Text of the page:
“Sound is 50 percent of the movie going experience, and I’ve always believed audiences are moved and excited by what they hear in my movies at least as much as by what they see.” —George Lucas
“The eye sees better when the sound is great.” —Steven Spielberg
“Video without audio is just surveillance.” —David Scally, AES
It’s my strong belief that the number one dead-giveaway of spotting an “amateur” piece of filmmaking is hearing ambient, noisy, cheap-mic-on-camera, sync-challenged production dialog. Let’s face it—since the days of the late 90s low budget but huge box office smash, The Blair Witch Project, to the more recent Paranormal Activity, people will now tolerate quite a wide array of low-resolution picture quality and handheld “shaky cam footage.” But, I would argue, if the audio is subpar—especially if the dialog intelligibility is poor—your audience will not stay with you. This is why I’d like to stress the importance of getting good production sound.
Have a sound supervisor in the mix from the start
One of the key elements that we planned for with AGENT MX-Z3RO (but not common in Hollywood at the top levels of moviemaking) was to have the post audio sound supervisor consult with the production sound mixer and director before the first frame of film/video was rolled. Typically, the sound supervisor isn’t even hired until after post video editorial has begun (or even been completed), and the production sound mixer, by this time, is on to another job. It’s really hard to get what you want, let alone what you need, from a sound standpoint if the two teams pass like ships in the night.
I learned this from my friend and mentor, Larry Blake, who has been the sound supervisor and re-recording mixer for Steven Soderbergh for many years. Larry would conduct test reel shoots with his DP, production sound mixer, and himself ahead of any big Soderbergh movie, and then test the resulting footage in Media Composer and in Pro Tools to make sure the sync/workflow was solid. It kinda makes sense, right?
When we started writing the script for AGENT MX-Z3RO and planning what the movie would be, Scott Weber, our sound supervisor (and my close friend), was already consulting with myself and director/co-writer Brian Barnhart about what we wanted, as far as soundtrack elements go, and how we would go about getting it. He had some solid advice for us before we started shooting, which can be seen here in this video interview.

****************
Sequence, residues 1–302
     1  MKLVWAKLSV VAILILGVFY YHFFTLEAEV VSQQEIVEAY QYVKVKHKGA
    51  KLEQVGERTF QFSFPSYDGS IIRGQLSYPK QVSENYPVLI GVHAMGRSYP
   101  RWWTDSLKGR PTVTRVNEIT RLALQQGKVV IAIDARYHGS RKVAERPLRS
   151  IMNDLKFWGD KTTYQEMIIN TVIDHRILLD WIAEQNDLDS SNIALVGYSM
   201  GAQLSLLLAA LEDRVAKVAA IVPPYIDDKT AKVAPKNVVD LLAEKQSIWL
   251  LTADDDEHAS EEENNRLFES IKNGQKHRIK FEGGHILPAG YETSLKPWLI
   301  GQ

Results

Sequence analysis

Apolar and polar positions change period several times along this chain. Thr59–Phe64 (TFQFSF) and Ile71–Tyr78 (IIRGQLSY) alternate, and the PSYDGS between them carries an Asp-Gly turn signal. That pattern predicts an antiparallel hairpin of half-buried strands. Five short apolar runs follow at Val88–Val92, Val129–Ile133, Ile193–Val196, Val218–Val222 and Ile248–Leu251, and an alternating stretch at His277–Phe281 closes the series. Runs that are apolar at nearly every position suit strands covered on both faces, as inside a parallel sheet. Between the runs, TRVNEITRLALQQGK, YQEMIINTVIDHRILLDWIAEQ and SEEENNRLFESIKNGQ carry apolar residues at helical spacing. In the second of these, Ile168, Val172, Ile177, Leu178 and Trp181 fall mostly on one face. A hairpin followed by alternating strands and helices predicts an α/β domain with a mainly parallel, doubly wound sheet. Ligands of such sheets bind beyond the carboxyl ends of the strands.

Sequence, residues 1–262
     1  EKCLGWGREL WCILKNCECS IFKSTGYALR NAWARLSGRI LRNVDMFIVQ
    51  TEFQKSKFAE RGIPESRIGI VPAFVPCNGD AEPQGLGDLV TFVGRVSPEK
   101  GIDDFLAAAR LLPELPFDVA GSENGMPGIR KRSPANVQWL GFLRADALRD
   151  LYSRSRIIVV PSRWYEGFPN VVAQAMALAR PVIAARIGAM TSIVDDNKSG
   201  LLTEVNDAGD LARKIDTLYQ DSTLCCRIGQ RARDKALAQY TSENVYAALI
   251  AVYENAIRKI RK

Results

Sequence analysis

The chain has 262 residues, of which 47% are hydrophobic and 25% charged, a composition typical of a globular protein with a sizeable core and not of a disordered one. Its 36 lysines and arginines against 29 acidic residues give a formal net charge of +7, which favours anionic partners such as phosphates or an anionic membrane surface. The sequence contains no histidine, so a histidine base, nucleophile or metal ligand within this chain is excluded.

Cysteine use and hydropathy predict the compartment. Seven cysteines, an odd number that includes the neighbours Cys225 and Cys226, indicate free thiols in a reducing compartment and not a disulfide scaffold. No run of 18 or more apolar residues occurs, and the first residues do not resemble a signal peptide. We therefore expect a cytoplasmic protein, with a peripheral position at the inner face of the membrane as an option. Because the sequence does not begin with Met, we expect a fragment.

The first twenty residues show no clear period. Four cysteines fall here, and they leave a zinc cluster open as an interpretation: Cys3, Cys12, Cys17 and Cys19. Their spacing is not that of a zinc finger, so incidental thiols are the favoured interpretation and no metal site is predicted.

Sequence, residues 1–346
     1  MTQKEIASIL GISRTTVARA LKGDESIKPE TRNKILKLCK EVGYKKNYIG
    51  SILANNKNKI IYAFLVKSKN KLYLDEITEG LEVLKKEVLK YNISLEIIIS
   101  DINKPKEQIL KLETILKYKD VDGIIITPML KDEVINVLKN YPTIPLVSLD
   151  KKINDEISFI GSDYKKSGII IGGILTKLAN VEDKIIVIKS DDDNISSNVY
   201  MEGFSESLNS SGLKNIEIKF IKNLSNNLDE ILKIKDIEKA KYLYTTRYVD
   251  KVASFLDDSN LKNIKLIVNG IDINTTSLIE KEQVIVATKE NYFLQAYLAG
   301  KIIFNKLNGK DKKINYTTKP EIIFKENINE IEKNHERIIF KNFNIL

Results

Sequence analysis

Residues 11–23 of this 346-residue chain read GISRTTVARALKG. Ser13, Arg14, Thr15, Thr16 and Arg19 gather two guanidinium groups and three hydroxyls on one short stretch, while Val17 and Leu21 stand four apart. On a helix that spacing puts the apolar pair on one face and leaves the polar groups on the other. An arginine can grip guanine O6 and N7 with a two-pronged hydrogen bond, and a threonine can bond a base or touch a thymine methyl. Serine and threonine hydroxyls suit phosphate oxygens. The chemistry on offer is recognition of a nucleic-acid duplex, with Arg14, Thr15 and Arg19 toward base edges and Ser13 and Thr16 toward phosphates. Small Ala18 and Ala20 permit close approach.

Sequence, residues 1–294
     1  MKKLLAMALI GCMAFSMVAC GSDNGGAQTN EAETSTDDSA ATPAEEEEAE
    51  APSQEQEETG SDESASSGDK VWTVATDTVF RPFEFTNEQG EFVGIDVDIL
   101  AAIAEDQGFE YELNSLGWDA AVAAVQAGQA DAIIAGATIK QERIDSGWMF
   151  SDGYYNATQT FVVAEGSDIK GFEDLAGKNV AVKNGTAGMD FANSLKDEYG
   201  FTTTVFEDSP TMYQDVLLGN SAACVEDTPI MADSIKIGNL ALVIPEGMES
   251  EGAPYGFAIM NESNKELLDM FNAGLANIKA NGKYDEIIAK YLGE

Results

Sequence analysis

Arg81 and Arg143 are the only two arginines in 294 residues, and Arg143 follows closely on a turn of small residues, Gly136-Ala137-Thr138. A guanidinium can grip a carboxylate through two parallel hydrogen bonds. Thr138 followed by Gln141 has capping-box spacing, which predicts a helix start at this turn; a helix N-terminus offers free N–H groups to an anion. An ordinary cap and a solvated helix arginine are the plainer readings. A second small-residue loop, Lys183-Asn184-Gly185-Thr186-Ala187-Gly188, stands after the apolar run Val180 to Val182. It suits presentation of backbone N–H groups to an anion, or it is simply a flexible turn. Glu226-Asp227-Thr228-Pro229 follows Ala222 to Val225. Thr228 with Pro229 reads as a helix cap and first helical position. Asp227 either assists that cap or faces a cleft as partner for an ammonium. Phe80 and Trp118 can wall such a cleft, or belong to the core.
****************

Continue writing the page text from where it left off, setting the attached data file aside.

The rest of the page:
If you want higher quality audio in your project, here are three rules to follow during the shoot:
1. Always run sound, never shoot MOS (aka, without sound)—Even the worst production sound can be a good guide for lip sync and gauging an actor’s emotive performance/vocal tone, which will help during the post production dialogue edit process and potential replacement. Footsteps and production prop handling are good audio cues in the same way. In truth, we didn’t always abide by this rule, and the scenes in which our Foley crew re-created the sounds turned out great, but, for sure, it took them more time to do. I’ll break down and share this scene with you in an upcoming blog about Foley and ADR.
2. Take 30 seconds (or more!) to capture the room tone—By this, I mean the sound or “air” on set when no one’s talking. This is critical, as it gives your dialog editor and ADR editor the best chance of being able to preserve and smooth out the production dialogue. Plus, it’ll help make the ADR match better, since they can use the tone to fill the hole where the production dialogue is pulled out. When you’re running and gunning to make 30 setups a day, this is tough to do, but will really help you out on the back end. We took it a step further and tried (though not successfully) to also capture a loud clap after we had the room tone, hoping to capture some of the ambience/reflections/reverb of the room in case we wanted to replicate it with a possible IR (Impulse Response) convolution reverb, which we ultimately didn’t use. In the video clip, you’ll notice that we ran picture for all room tone captures, which was very useful for identifying all of the takes. We then strung them together on the Media Composer timeline and exported the AAF.